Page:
NVIDIA GeForce GTX 980 Ti – Achieving 4K at a Lesser Cost

NVIDIA recently welcomed the GeForce GTX 980 Ti to its line of graphics cards, offering quality performance that can achieve 4K in many of the latest video games while only costing the user $649. This is a nice price when compared to the thousand dollar Titan X which also provides 4K capabilities.

The GeForce GTX 980 Ti, based on the GM200 GPU, features 2816 CUDA cores and 6GB of GDDR5 memory. It runs a base clock frequency of 1000MHz and boost clock speed of 1075MHz, though that can be overclocked to much higher numbers.

The GTX 980 Ti also comes with a 384-bit memory interface that runs at 7GHz effective memory clock speed and has a peak memory bandwidth that is 50% higher than the GTX 980. Also, looking at previous cards, the 980 Ti is three times faster than the 680 and 65% faster than the 780 Ti.

Visit GeForce.com for full information on the GeForce GTX 980 Ti

Having just recently pressed the Titan X to the max with 4K gaming, it’s very exciting to see just how much the GTX 980 Ti can handle when compared to the Titan X. The 980 Ti proves to hold its own when playing many of the latest games at 4K, making it an ideal card to consider. Below are some of my experiences with the 980 Ti at 4K and 1440p.

I’m still running on older parts which include an i5 2500 and a P8Z68-V Pro/Gen3 motherboard. My PC also features HyperX Fury 8×2 1866MHz memory, two Solid-State Drives and an 850w PSU.

During my tests with the GeForce GTX 980 Ti I try to get the most out of the games with maximum settings while still keeping a decent frame rate at 4K and 1440p. This means that higher numbers can be found with the frames per second for those who don’t mind giving up a little bit of quality.

Each video shares what settings I’m running the games at and includes statistical information at the top left of the screen.

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Project CARS
Project CARS is a game I focused on a lot with the 980 Ti on maximum settings at 4K. It ended up being a tough one to judge as the changing environment can play a big part on the frames per second. In the videos below I show both a 4K and 1440p video playing Project CARS on the same track, though the first half of the video is played with 36 cars in a thunderstorm while the second half of the video is with 12 cars in clear conditions.

The amount of cars in each race seems to drag on the card quite a bit. While in the middle of the pack during the thunderstorm I noticed the frames per second dropping into the low teens, but when escaping from the group the FPS goes back up to about 30. However, with only 12 cars in sunny conditions, I began with 30 FPS while in the middle of the pack and then moved up to 60 once breaking away from the group.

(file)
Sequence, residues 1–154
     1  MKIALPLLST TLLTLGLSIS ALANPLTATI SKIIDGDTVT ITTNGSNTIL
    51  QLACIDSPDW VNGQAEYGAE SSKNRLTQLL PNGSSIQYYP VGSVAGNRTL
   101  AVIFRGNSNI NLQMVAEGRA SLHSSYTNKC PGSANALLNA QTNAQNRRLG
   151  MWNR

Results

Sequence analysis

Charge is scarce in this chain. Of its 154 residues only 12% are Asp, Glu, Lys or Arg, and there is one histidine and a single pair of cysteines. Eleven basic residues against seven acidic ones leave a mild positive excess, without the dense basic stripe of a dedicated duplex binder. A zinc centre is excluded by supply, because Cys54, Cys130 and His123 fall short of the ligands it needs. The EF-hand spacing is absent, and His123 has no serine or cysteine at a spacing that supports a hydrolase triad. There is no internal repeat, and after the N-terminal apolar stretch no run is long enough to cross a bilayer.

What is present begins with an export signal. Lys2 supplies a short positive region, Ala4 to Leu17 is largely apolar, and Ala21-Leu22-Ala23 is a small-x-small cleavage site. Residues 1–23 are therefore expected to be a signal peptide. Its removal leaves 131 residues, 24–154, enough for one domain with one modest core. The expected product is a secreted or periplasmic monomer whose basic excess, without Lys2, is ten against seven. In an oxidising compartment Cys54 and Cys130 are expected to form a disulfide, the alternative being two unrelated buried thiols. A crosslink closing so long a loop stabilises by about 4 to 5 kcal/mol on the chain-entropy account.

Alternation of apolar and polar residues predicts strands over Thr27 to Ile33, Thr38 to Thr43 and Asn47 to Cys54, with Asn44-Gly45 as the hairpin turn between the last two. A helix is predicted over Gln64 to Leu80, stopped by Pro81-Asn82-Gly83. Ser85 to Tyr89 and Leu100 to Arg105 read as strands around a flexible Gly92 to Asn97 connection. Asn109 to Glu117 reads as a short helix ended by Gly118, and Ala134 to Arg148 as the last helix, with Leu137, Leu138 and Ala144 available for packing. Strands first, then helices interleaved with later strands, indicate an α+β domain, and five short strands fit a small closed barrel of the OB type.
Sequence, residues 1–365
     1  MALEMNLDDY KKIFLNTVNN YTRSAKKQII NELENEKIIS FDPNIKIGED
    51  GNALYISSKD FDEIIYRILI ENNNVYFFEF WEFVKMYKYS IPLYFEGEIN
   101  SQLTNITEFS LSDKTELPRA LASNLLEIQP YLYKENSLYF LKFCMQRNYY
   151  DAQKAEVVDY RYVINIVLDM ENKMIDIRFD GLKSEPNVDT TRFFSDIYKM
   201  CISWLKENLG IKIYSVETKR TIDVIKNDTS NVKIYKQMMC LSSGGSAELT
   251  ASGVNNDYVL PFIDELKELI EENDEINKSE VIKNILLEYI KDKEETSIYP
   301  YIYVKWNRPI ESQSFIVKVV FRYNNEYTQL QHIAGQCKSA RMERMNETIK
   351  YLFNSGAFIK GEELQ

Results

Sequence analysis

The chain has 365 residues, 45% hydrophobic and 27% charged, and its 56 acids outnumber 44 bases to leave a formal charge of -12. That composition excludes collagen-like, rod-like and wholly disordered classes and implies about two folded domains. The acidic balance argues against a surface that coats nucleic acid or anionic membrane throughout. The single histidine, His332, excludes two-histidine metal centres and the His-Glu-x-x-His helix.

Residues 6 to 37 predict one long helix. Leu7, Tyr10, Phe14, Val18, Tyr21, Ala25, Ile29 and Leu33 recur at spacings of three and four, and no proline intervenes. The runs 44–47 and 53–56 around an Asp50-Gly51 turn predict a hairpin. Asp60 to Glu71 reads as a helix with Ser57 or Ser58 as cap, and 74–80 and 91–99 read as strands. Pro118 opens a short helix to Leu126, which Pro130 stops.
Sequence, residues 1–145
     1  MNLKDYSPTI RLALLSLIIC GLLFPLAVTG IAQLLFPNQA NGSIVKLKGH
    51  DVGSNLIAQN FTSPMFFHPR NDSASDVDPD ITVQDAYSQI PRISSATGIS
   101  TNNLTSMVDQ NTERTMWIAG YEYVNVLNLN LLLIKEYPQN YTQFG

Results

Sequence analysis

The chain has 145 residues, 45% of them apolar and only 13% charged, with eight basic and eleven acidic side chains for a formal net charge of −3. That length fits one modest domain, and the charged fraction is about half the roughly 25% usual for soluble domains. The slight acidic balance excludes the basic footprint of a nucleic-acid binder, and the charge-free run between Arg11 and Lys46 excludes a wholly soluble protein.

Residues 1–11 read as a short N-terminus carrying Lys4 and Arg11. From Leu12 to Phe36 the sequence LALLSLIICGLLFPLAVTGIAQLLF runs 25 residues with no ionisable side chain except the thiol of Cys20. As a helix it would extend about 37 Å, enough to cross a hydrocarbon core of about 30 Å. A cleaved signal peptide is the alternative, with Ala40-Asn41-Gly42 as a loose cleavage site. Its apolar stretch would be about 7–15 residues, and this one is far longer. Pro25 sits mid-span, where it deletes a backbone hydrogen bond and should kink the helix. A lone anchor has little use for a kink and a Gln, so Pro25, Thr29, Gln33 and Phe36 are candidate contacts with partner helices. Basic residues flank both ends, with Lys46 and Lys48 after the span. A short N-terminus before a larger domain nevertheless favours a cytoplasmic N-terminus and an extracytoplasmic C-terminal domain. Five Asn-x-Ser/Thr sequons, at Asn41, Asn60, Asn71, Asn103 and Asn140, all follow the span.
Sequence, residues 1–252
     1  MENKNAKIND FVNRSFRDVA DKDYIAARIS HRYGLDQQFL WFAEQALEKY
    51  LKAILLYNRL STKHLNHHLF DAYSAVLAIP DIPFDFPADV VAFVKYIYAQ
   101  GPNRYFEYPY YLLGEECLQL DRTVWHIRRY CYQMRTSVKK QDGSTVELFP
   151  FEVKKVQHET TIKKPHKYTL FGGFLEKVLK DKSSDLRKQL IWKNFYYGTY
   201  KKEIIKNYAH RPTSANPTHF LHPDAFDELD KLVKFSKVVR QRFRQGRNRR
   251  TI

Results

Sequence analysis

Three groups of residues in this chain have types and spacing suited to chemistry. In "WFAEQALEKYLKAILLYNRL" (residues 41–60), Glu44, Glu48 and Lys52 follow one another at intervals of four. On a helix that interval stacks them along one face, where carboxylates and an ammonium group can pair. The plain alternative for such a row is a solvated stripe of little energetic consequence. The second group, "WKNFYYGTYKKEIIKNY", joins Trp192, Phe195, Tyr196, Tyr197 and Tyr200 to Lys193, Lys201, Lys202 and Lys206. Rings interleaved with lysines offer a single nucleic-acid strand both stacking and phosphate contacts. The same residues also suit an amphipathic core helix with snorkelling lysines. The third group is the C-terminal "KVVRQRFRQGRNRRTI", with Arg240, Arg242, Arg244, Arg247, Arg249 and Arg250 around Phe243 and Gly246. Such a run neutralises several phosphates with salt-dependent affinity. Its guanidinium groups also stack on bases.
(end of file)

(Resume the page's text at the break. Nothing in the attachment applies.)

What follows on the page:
Project CARS can easily be enjoyed in 4K with the GTX 980 Ti, but weather conditions and the amount of cars can provide some tough conditions along the way. I also recorded video with those same situations at 1440p for comparison. Both videos are below.

Crysis 3
Crysis 3 struggled somewhat at 4K maximum settings as it would dip below 30. Changing everything from very high (maximum) to high gave me about 10 more FPS to work with, providing a more enjoyable upper 30 FPS for 4K gameplay. Gamers will definitely want to play around a bit with the quality settings for 4K play. 1440p ran at around 50 FPS with dips into the mid 40’s and spikes up to 60 FPS making it the better experience with the 980 Ti.

The Witcher 3
Much like the Titan X, running The Witcher 3 in 4K drops the game on average to below 30 FPS. In towns and in the middle of action is when this is the most noticeable as I will normally see about 25 to 26 FPS, although I did have some consistency at 28 to 30 FPS. Running at 1440p gave me the more natural 60 FPS while running in the middle of an open field. However, during combat and in towns I saw the average drop to about 50 FPS.

1440p is far more the enjoyable experience at maximum settings which reach 60 FPS. However, players can tweak the quality settings at 4K to achieve a more respectable FPS. Placing everything on low settings at 4K saw the frames per second reach the upper 40’s.

Tomb Raider
Tomb Raider is a great 4K experience at maximum settings with the 980 Ti as I obtained around 45 FPS on average, enjoying a very smooth experience. It probably wouldn’t take much reduction in quality to achieve 60 FPS, but I felt the game ran respectably well without tweaking anything.

NVIDIA’s GeForce GTX 980 Ti packs a Titan-like punch for gamers looking to get into 4K gaming. 4K is easily achievable with respectable frame rates in most games except for the ones that are very demanding and ask the most out of any card. But even if 4K isn’t an option, 1440p ends up being a great choice that almost always achieves upwards of 60 FPS on maximum settings.

Simply leave a request in the comments below if you would like to see a specific game in 4K or 1440p with the NVIDIA GeForce GTX 980 Ti.

Here are more 4K performance videos with the GeForce GTX 980 Ti

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